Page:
by Wade Bourne
My 19-year-old daughter gave me a unique gift this past Christmas: a shopping bag filled with duck blind snack foods. The assortment included Spam, pickled okra, smoked oysters, Vienna sausages, garlic-stuffed olives, soy-packed sardines, Brussels cookies, petite dill pickles, hot mustard, Cajun salsa and crackers, and a few other delectables that didn't last long enough to leave a passing memory.
She's a girl after her daddy's heart! If there's one thing I love, it's eating in the duck blind. Each season I gain three or four pounds from snacking when the ducks aren't flying. (I graduated to "stout" waders a few years back.) I know I should be more careful about my eating habits afield, but how satisfying would a duck hunt be without a few Viennas slathered in hot sauce or a side of sliced rat cheese and saltines?
I've been a keen student of duck blind gastronomy for almost five decades. With this background, I can say with certainty that the term "comfort food" takes on a whole new meaning in a cold, damp duck blind. Indeed, most duck hunters like to stoke the furnace while they scan the skies, and they do so with an interesting variety of good eats.
Sandwiches, of course, are at the top of the duck blind snack pyramid. I've seen many hunters dine on bologna on light bread with a few sloshes of Texas Pete. However, this staple can be enhanced in a number of ways. One of my favorites is a hot bologna and cheese sandwich, skillet-grilled just before heading to the blind and wrapped tightly in aluminum foil. Another favorite is a fried bologna and egg sandwich garnished with mayo and jalapeño slices. Both are guaranteed to emerge from the blind bag before 9 a.m., and the same holds true for the simple but venerable sausage biscuit.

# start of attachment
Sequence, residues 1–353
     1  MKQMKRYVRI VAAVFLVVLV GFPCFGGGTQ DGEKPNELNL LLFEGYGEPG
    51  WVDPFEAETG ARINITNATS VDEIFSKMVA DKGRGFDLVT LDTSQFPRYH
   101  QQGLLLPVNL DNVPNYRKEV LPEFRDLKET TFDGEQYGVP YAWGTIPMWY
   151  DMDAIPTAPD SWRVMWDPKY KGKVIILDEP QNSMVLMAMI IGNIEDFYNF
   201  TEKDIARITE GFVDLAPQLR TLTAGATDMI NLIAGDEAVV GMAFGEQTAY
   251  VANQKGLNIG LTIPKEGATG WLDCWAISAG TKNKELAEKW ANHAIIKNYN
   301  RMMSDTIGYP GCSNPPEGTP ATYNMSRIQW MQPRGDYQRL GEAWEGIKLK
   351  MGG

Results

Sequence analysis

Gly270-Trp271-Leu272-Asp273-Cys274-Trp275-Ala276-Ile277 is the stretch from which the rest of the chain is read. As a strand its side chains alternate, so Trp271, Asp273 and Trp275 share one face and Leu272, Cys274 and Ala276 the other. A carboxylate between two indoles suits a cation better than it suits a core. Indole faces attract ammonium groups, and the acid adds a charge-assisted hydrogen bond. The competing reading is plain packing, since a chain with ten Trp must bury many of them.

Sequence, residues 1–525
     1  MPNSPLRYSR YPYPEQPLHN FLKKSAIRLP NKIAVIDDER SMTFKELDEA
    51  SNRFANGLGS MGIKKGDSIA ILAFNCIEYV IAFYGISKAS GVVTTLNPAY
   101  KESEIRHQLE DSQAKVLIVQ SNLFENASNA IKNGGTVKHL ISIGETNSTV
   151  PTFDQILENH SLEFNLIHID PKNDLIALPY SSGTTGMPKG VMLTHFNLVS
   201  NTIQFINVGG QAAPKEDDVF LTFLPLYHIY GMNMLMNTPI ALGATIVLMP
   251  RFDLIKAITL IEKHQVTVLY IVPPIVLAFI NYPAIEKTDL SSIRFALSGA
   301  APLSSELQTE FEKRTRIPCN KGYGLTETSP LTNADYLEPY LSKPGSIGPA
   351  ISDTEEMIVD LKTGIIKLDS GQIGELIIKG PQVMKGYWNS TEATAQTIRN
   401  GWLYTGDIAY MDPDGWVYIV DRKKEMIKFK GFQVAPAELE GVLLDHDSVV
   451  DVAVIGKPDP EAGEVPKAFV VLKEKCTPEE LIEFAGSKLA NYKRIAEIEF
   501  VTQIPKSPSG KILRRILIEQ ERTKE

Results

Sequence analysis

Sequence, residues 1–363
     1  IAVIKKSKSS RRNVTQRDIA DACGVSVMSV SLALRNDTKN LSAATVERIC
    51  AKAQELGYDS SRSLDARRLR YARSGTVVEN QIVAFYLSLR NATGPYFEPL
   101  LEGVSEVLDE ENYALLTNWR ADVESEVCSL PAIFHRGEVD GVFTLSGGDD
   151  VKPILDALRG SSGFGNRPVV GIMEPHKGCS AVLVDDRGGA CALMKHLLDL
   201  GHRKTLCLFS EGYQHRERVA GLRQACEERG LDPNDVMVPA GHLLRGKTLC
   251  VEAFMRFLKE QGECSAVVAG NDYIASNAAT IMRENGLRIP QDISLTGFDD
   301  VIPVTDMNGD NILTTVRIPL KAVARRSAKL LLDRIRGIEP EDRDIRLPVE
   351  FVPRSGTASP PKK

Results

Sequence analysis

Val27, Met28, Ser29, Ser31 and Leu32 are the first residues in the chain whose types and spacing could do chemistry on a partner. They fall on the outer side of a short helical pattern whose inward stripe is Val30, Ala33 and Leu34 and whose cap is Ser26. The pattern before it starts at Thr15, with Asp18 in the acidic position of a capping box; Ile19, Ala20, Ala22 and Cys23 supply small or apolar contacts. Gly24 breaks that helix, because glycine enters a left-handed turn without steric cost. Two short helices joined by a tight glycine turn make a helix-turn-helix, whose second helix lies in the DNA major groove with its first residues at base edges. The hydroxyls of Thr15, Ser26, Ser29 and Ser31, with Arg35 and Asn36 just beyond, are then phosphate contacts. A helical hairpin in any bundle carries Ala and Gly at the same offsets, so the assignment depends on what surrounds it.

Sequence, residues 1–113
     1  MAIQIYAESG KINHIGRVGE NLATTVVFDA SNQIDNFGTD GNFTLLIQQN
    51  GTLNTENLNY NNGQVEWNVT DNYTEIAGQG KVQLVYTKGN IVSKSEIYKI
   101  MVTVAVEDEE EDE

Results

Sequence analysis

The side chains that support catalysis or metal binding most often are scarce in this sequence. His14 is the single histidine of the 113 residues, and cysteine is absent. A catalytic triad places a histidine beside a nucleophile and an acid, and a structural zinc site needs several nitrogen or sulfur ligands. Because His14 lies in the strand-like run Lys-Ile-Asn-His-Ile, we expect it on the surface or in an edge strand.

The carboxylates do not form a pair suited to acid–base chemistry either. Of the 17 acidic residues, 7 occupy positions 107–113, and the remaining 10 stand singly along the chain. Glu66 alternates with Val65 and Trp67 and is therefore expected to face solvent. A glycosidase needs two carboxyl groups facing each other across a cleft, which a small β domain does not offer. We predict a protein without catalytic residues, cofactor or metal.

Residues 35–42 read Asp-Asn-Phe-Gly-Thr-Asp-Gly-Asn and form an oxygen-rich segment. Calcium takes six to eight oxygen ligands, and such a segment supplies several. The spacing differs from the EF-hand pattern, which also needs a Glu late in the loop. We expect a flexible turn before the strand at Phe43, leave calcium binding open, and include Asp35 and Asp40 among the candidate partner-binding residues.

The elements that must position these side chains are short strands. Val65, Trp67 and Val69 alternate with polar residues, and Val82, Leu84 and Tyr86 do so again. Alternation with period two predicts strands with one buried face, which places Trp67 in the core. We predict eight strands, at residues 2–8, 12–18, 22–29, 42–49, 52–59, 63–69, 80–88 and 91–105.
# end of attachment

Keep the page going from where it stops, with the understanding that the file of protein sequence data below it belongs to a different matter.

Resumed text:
I have a friend who carries meat loaf sandwiches to the blind. It's his culinary trademark. For that matter, any leftover dinner meat can be resurrected into tasty duck blind sandwiches: roast pork, beef, or chicken; fried country ham; ground beef; grilled mallard breast; you name it.
However, sandwiches are only the start. The next level down the pyramid is the jerky group—beef, deer, and buffalo. Some hunters chew on more exotic meats such as alligator, ostrich, tuna, or snow goose jerky. Virtually any meat can be jerked either commercially or in a home oven. Regardless of its source, these chewy dried meats provide healthful protein and quick energy.
"Bars" constitute the next group on the duck blind food pyramid—candy bars, granola bars, breakfast bars, etc. True duck blind gourmets might characterize these as "casual snacks," whereas sandwiches and jerky are "primary snacks." Bars of chocolate, nuts, raisins, grains, jams, and other ingredients are perfect for stoking the stomach between flights.
Nuts and seeds, dried fruit slices, dried berries, and "gorp" belong in the ever-popular "munchies" category. The only problem with these foods is that they tend to gum up your duck call worse than other snacks.
Hard-boiled and pickled eggs occupy their own delicious rung on the duck blind snack pyramid. The former should be peeled, rolled in a salt and pepper mixture, and sealed in a plastic bag for transport to the blind. (Chewed egg, by the way, is also bad for gumming up a duck call.)